• Apache Zeppelin Gets Commercial Backing from ZEPL
    NFlabs rebrands as ZEPL and announces $4.1M in funding in support of open-source Apache Zeppelin data analytics project. The open-source Apache Zeppelin project is an increasingly popular, web-based notebook for interactive data analytics that directly integrates with the Apache Spark project for Big Data analytics. Among the commercial backers of Zeppelin is ZEPL, formerly known as NFLabs. On December 8, the newly branded ZEPL announced that it has raised $4.1 million in an initial funding round. The funding round was led by Vertex Ventures and it included the participation of Translink Capital, Specialized Types and Big Basin Capital. The funding is set to be used to help ZEPL build a successful business model. Sejun Ra, co-founder and CEO at ZEPL said that the plan for the new money to help his company build and develop a single platform for end-to-end data analytics workflow.
  • New Amazon Web Services Region Opens in Canada
    Amazon launches AWS Canada (Central) Region in Montreal, extending Amazon's cloud infrastructure to 15 regions and 40 availability zones around the world. At long last, the cloud is coming to Canada. Amazon Web Services (AWS) announced on December 8, the official launch of the new AWS Canada (Central) Region, providing cloud infrastructure from data centers in Montreal, Quebec. The new AWS region is set to help serve customers in Canada with Amazon already highlighting a number of well-known organizations including National Bank of Canada, Porter Airlines and clothing retailer Lululemon.
  • MEF, TM Forum Unite With Open Source Groups on Network Vision
    MEF Thursday announced the release of a new white paper – “An Industry Initiative For Third Generation Network and Services“ – spearheaded by MEF and co-authored by ON.Lab, ONOS, OPEN-O, OpenDaylight (ODL), the Open Networking Foundation (ONF), Open Platform for NFV (OPNFV), and TM Forum. The white paper describes an industry vision for the evolution and transformation of network connectivity services and the networks used to deliver them. MEF refers to this vision as the “Third Network,” which combines the agility and ubiquity of the Internet with the performance and security of CE 2.0 (Carrier Ethernet 2.0) networks.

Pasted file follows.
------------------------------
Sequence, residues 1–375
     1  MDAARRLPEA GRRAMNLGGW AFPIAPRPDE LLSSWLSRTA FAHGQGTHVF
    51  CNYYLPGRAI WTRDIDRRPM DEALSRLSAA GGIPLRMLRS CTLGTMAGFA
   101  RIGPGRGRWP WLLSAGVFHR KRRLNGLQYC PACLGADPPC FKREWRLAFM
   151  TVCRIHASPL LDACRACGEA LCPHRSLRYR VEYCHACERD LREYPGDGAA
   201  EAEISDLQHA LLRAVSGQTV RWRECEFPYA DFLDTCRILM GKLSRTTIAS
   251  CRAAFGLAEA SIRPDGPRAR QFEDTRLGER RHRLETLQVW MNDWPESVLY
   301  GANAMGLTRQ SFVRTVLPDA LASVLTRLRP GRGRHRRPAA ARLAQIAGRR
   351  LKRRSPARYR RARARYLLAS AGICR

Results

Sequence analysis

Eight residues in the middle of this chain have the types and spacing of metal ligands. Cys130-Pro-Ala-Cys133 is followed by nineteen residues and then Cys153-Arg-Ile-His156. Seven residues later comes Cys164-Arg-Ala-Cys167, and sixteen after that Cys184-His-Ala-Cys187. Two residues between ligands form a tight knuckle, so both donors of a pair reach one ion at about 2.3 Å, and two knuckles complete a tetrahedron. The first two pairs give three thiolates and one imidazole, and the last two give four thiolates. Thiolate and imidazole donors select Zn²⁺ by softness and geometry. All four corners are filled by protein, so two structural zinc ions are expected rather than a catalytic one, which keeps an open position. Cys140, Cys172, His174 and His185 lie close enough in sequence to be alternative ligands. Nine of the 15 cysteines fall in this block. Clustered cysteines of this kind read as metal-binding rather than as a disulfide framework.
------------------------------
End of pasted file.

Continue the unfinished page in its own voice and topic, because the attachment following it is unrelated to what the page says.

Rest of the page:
• The New Role of Assurance for Virtualized Networks
    For as long as any of us can remember, fulfillment and assurance were two independent processes, mostly because they were conceived, operated and purchased by separate departments. As Alfred D. Chandler demonstrated in his classic book “Strategy and Structure,” operations and even business structure follow organizational charts and vice-versa. Fulfillment and assurance are no exceptions, with those organizations driving processes and supporting software purchases. While many know that its not ideal, the situation has mostly worked.
  • IBM building blockchain ecosystem
    IBM believes blockchain technology, with its capability to create an essentially immutable ledger of digital events, will alter the way whole industries conduct transactions. To make that happen, Big Blue asserts, requires a complete ecosystem of industry players working together. To that end, IBM today said it is building a blockchain ecosystem, complete with a revenue sharing program, to accelerate the growth of networks on the Linux Foundation's Hyperledger Fabric. IBM envisions the ecosystem as an open environment that allows organizations to collaborate using the Hyperledger Fabric.

today's howtos